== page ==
Title

The Intersection of Therapy Constructs: The Relationship Between Motivation to Change, Distress, Referral Source, and Pressure to Attend

Keywords

psychotherapy, mental health treatment, motivation to change, therapy

Abstract

Psychotherapy is a generally effective form of mental health treatment, yet difficulties with engagement continue to plague the field. Poor outcomes, including premature termination, are more likely to be achieved by poorly motivated clients (Prochaska & DiClemente, 1992) and highly distressed individuals and couples (Tambling & Johnson, 2008). This study examined links between motivation to change, initial levels of distress, referral source, and pressure to attend therapy in an archival sample of 587 people who attended therapy. Results indicated a relationship between distress and motivation and between the perceived pressure felt by a client and motivation to change.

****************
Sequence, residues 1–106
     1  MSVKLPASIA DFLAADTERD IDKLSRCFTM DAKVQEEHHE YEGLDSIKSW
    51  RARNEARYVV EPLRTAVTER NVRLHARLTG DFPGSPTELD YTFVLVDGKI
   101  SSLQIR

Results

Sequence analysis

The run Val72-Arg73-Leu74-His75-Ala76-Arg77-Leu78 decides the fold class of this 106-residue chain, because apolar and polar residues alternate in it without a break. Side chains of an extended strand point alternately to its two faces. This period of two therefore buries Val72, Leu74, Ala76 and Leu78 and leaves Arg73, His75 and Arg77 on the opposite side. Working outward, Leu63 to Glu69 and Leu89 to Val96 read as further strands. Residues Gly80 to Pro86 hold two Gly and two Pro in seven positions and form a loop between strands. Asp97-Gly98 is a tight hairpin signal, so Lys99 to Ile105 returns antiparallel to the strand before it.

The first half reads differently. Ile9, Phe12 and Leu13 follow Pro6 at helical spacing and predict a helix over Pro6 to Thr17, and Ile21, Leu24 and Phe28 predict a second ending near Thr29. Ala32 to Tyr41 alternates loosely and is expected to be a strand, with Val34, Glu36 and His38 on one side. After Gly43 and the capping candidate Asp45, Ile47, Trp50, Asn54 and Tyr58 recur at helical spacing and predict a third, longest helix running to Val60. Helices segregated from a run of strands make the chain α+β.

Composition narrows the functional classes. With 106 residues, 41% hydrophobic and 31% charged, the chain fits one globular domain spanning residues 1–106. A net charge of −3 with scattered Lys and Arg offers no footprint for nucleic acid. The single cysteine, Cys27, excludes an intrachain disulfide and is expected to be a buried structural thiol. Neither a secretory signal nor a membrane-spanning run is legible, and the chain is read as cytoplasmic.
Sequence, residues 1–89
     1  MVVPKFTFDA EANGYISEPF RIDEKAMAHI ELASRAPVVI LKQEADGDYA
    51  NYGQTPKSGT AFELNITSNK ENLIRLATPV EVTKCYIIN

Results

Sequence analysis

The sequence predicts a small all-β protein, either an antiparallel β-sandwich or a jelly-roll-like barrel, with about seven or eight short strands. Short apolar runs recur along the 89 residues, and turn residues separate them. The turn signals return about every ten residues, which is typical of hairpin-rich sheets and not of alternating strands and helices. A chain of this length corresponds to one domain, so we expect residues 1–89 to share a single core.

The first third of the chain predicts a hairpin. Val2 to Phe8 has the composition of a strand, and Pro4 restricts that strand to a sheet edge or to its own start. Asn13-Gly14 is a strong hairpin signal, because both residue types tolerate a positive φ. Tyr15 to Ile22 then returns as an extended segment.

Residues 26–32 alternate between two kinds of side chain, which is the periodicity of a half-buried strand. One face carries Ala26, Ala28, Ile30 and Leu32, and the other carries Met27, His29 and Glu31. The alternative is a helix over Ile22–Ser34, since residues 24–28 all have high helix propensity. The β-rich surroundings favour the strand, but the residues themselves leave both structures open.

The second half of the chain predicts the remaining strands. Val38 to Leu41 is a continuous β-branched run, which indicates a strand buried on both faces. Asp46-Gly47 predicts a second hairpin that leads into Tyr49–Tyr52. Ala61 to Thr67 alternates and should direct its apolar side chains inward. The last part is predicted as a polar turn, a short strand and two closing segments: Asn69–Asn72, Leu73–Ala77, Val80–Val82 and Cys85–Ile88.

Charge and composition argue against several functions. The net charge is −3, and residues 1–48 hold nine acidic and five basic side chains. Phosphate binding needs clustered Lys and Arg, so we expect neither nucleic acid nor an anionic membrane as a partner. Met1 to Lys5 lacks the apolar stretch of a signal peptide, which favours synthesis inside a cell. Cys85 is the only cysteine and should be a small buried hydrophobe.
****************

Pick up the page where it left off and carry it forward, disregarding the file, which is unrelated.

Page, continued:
Original Publication Citation

Moore, L.E., Tambling, R.B., & Anderson, S.R. (2013). The intersection of therapy constructs: The relationship between motivation to change, distress, referral source, and pressure to attend. American Journal of Family Therapy, 41, 245-258. DOI: 10.1080/01926187.2012.685351.

Document Type

Peer-Reviewed Article

Publication Date

2013-04-17

Publisher

The American Journal of Family Therapy

Language

English

College

Family, Home, and Social Sciences

Department

Family Life

University Standing at Time of Publication

Full Professor

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